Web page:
The characterisation analysis studied the functional properties of the prepared composites. The physical characteristics were determined by the density, void content, and chemical resistance analysis. The composite density was determined by measuring the mass (m) and thickness (t) of 2 cm × 2 cm cut samples according to ASTM D 1895. Each experiment was performed five times, and the results were finalised according to the average value with the standard deviations. It was estimated by Equation (2).
Density (ρ)= m V
where V = l × b × t is the volume of the cut samples.
The composites void content was evaluated, ASTM D 2734 procedure was applied. Each experiment was performed five times, and the results were finalised according to the average value with the standard deviations. It was defined from the experimental and theoretical densities of the composites by Equation (3) [30].
Void content   ( % ) = ρ theoretical ρ experimental ρ theoretical   ×   100
ρ theoretical = 1 [ W f ρ f + W f b ρ f b + W m ρ m ]
Wf is the filler weight fraction, Wfb is the fibre weight fraction, Wm is the matrix weight fraction, ρf is the filler density, ρfb is the fibre density, and ρm is the matrix density.
The chemical resistance characteristic of the prepared bionanocomposites was studied using the ASTM D543-87 standard. Studies were conducted to investigate the effect of solvents, acids, and alkalis on the bio nanocomposite. The investigated solvents, acids, and alkalis were (C6H6, C7H8, and CCL4), (HCl, HNO3, and CH3COOH), and (NaOH, Na2CO3, NH4OH), respectively. Five pre-weighed samples in each case were immersed in the respective chemical solutions for 24 h. The samples were removed and washed using distilled water and then dried by pressing the specimens on all sides with a filter paper (accuracy in ± 0.01 mg). Each experiment was performed five times, and the results were finalised according to the average value with the standard deviations. The percentage weight gain/loss was determined using the following Equation (4):
Weight gain/loss   ( % ) = Final   weight     Original   weight Original   weight   ×   100
The mechanical characteristics of the nanobiocomposites were evaluated in terms of tensile, flexural, and impact properties. ASTM D638 standard was implemented to determine the tensile strength, tensile modulus, and elongation at the break of the obtained composites. Meanwhile, the ASTM D790 standard was applied to investigate the flexural strength and modulus characteristics. The flexural and tensile tests were performed through an INSTRON 5582 universal testing machine (Norwood, MA, USA). ASTM D256 procedure for Izod analysis was carried out to measure the impact strength. The composite specimens were analysed using a Gotech testing instrument, Model GT-7045 MD (Taichung City, Taiwan). Five test samples were evaluated for each specimen composition, and the average values were recorded with standard deviations.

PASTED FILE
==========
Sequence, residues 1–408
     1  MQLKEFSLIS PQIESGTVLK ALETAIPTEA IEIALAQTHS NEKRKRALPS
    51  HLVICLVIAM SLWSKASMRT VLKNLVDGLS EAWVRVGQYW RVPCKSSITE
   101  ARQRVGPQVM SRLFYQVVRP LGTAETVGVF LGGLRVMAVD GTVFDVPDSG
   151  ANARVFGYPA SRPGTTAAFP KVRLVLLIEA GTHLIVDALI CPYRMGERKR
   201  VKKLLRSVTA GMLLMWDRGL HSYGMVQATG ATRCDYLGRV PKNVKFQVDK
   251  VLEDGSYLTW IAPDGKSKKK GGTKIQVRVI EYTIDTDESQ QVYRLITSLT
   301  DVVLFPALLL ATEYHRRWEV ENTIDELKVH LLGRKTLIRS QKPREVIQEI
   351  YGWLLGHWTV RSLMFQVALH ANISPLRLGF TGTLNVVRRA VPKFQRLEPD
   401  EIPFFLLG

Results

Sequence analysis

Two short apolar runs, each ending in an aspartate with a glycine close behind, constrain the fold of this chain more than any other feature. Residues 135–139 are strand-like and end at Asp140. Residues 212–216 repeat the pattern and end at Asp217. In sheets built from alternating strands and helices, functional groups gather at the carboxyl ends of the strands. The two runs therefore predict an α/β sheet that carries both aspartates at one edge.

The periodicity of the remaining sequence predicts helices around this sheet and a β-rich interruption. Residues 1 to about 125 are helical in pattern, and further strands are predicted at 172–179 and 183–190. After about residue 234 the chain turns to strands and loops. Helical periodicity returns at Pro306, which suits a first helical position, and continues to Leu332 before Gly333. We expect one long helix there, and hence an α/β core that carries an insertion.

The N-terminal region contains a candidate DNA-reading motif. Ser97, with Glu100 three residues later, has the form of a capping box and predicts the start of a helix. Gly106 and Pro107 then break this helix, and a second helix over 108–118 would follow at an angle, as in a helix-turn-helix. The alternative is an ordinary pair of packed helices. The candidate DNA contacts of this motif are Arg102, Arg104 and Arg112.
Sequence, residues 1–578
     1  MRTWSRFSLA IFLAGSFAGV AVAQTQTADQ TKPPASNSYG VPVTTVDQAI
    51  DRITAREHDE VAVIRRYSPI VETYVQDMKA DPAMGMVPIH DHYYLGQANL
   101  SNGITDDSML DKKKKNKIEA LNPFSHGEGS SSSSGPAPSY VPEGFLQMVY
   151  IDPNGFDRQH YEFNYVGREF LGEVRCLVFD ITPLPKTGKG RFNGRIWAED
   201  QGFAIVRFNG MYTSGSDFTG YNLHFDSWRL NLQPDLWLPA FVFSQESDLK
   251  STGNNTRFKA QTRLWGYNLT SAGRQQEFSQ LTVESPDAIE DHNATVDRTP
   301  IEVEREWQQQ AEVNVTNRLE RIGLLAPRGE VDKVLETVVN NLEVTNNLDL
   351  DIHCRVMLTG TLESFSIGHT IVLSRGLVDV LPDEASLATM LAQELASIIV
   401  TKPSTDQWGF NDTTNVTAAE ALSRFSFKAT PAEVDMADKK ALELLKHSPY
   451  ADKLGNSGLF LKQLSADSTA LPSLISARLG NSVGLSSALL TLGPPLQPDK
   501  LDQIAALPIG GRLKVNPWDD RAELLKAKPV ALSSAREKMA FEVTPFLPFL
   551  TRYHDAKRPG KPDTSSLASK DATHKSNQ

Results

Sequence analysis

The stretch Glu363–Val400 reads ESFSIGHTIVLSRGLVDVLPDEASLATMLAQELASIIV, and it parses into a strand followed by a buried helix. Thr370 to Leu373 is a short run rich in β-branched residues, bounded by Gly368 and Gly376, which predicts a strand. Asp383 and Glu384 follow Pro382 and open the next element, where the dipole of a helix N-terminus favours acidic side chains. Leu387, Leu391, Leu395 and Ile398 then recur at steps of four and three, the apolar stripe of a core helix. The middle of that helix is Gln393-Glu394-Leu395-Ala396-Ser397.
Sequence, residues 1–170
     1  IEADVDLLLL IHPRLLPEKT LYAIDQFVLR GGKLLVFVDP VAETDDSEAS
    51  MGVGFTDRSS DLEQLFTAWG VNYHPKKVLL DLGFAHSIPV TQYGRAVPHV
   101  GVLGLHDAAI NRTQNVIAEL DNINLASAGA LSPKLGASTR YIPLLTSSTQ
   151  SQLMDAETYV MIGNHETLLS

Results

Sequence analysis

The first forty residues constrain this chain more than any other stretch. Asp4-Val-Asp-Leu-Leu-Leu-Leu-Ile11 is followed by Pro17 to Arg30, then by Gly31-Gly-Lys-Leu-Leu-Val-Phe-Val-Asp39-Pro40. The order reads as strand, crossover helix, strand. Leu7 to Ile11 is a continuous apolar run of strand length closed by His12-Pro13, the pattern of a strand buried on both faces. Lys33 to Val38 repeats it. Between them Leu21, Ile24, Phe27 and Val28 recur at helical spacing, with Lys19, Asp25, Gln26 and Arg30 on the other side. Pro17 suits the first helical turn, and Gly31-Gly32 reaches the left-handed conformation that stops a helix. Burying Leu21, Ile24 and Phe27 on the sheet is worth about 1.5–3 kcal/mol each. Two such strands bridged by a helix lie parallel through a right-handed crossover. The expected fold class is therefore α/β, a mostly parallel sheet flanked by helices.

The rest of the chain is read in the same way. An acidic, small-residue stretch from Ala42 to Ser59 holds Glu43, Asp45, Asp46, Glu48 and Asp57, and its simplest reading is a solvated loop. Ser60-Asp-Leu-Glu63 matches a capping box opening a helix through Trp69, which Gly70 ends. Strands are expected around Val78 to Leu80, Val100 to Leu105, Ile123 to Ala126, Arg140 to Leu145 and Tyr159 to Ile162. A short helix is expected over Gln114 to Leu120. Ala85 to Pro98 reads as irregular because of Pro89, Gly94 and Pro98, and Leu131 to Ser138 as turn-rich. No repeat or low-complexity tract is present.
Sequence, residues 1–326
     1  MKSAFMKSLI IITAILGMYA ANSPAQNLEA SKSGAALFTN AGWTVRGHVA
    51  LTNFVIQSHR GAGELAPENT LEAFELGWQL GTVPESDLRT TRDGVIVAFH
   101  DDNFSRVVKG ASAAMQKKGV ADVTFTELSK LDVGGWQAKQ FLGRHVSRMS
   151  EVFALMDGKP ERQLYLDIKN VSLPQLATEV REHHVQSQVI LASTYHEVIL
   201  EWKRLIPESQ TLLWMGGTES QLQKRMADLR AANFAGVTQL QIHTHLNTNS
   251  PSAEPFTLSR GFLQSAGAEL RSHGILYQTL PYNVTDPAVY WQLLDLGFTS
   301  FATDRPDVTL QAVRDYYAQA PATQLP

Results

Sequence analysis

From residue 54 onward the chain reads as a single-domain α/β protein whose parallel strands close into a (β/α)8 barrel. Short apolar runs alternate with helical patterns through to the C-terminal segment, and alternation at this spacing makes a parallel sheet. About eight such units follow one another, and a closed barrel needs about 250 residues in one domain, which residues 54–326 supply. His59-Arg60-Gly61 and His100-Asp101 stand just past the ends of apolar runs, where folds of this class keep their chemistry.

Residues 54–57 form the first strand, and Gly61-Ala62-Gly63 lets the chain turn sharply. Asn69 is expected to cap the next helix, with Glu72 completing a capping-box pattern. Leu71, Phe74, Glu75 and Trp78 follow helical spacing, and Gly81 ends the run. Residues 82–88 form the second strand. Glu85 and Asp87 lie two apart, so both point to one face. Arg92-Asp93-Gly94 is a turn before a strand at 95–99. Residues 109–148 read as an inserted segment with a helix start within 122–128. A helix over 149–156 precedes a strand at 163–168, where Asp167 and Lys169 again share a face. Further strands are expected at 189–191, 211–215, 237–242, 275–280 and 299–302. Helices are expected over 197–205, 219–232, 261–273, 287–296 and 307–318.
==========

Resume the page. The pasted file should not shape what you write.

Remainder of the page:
Morphological analysis after the tensile test was evaluated by FESEM (FEI Quanta FEG 650, Thermo Fisher Scientific, Eindhoven, The Netherlands). Thin specimens were assembled on an aluminium (Al) stub holder with double-sided copper (Cu) tape holder. The tensile fracture samples’ electrical conductivity was enhanced by coating with a platinum (Pt) layer through sputter and coater Quorum Technologies Q150T. Under conventional secondary electron imaging stipulations, the FESEM images were observed at an accelerating voltage of 10 kV.
Structural analysis of the nanobiocomposites was evaluated using the Fourier transformation infrared (FT-IR). The specimen analysis was determined using an FT-IR Prestige-21 spectrophotometer (Shimadzu, Chiyoda-ku, Tokyo, Japan). Before analysis, the specimens were prepared and dried at 60 °C in an oven for 24 h. Before it was placed in the FT-IR instrument and the transmittance was achieved, the powder sample was mixed with KBR and was pressed into the circular film. The FT-IR analysis was performed at 4 cm−1, and the wavenumber ranged from 4000–400 cm−1.